I love my medication

It gets a bit tiring when you’ve so often heard both service users and health professionals moaning about the effects of antipsychotic medication.  And the way some people talk about medication you’d think it had been invented by the devil.  The truth is though that medication is created by highly educated people, some of whom are in their profession because they want to make a difference and they have a passionate desire to help and alleviate human suffering, which a lot of antipsychotic medication does.

The side effects of a lot of antipsychotic medication can be horrible, but we shouldn’t just focus on this side of things, but should be grateful for and acknowledge the positive aspects of medication.

I first became ill in 1992, age 24, after I was released from prison, where I’d spent about 8 years locked up.  I had a schizophrenic breakdown and had three spells in Springfield hospital, twice on a section.  I was last discharged from hospital in 1993, and since then I’ve spent most of that time on medication.

The side effects I experience from the Olanzapine I take, and from my illness, means that I often feel nauseous, especially for the first few hours after waking up.  I also go to toilet a lot when I’ve awoken.  And I need much more sleep than a normal person.  And I often feel lethargic and feel mentally and physically debilitated, which makes me feel like I’ve got less mental and physical stamina than many pensioners, and I’ve felt this way since I first became ill.

Its not the end of the world though.  Things for me could be so much worse.  I could be in a wheelchair, could be deaf, dumb, blind, or a combination of all these things, but thankfully I’m not.

If I kept moaning about medication and stopped taking it, I would probably end up in and out of hospital.  Instead I’ve been out of hospital about 21 years now.  I met my wife in church and I’ve been in a relationship with her for about 14 years now and have been married nearly 11, and I’ve got two grown up step children and two daughters age 9 and 6.  I’ve also now got qualifications in Video Production.  I’ve made loads of short films and have got over 60 films on Youtube, ranging from music videos I directed, to weddings and little home movie and family clips.

I’ve also now written 17 mainly slim books, and so far I’ve got 3 of them published as ebooks by Chipmunka publishers under my pen name Christophrenic.  I also passed my driving test over three years ago and I regularly drive on short journeys.  Without medication I’d never have achieved any of this.  I’d be in a psychotic hell, that had previously made me starve myself of food and drink for several days at a time, stop washing for weeks, drag knives across my stomach, walk miles around the streets crying, wet myself, and on one occasion I smashed a bottle over my own head.

Those are some of the things I did when I first became ill before I took medication.  And it makes me gratefully aware of the difference medication makes.  It’s the difference between heaven and hell.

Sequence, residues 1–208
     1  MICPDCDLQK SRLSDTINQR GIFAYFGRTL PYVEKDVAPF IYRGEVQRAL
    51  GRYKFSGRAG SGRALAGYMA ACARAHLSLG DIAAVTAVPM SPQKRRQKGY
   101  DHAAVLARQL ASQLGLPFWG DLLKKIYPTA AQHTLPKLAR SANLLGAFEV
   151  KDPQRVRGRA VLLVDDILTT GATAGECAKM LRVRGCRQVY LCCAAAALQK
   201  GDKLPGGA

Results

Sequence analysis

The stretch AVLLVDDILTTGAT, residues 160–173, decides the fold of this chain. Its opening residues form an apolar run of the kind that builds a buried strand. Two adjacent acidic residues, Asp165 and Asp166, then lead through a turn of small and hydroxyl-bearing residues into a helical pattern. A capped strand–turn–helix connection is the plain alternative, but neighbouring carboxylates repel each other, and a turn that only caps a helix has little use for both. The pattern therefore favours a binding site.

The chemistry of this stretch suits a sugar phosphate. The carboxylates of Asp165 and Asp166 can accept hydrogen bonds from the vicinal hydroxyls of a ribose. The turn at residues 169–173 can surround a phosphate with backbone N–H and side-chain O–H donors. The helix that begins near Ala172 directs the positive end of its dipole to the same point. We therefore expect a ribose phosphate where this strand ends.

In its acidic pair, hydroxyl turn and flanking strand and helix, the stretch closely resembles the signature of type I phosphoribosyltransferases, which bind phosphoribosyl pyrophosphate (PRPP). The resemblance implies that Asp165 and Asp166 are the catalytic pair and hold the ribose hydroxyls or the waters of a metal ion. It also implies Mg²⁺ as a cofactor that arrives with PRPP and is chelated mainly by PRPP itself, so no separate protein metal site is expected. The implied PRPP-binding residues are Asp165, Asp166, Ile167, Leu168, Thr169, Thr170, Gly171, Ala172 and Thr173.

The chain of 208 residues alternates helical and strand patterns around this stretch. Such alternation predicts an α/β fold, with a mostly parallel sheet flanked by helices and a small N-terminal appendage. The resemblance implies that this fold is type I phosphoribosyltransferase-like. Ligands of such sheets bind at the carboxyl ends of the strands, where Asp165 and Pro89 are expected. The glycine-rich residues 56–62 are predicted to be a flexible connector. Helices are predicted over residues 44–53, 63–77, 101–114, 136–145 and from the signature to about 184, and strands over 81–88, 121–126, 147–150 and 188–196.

Even though I’m on medication, I do still suffer and experience mental oppression and feel anxious and tense a lot.  But there are other times that I feel so blissfully at peace, that I feel like I’m floating round in heaven.  And every day I experience moments of beauty, joy, warmth and laughter, and its thanks to the medication that I can feel these things.  But without medication I’d be extremely ill.

I feel its time for people to stop complaining about medication and its time to praise the people who create it and feel some gratitude.
 
I’ll also say that as someone who’s been a Christian for many years, I’ve developed my own theories about health and healing.  Some people say that people aren’t healed because they lack faith.  And I do believe that some people are miraculously healed by Christ, but miracle healings are rare and only a tiny percentage of people genuinely experience this.  And I don’t know why some people are healed and others not.

I do believe though that God uses many methods of healing, and that he uses doctors, psychiatrists, counsellors and pharmacists, or a combination of all these things to make people better.

And I know that medication isn’t always natural, and that its often synthetic and partly toxic, but my medication when I’m feeling well, does make me feel like I’m very natural, and without it I’d feel like I was demon possessed.  And the difference I experience from being psychotic, to being well on medication, makes me feel like I’m being kindly and gently loved by God, and for this reason I will take the medication gladly and believe that God is providing it.

I’ll also say that over the years I’ve received sound advice from Christians in regards to my health.  Pastors, psychiatric nurses, counsellors, friends and family have all said ‘Don’t just come off medication suddenly’.  And when I have done this several times I’ve gradually become ill again.  And also when I’ve tried to wean myself off the medication by reducing the dosage lower and lower, I’ve also became ill again.

From trial and error I’ve learned to stay on the recommended maintenance dose, as this makes my health better.  And the fact that Christians have given me advice like this, doesn’t affect their own faith and relationship with Jesus, but its like we all realise that God is in control and that all things work for the good of those that love God, and the reality is that some people simply need medication to get better and experience improved health.
 
Christophrenic, 02/08/2014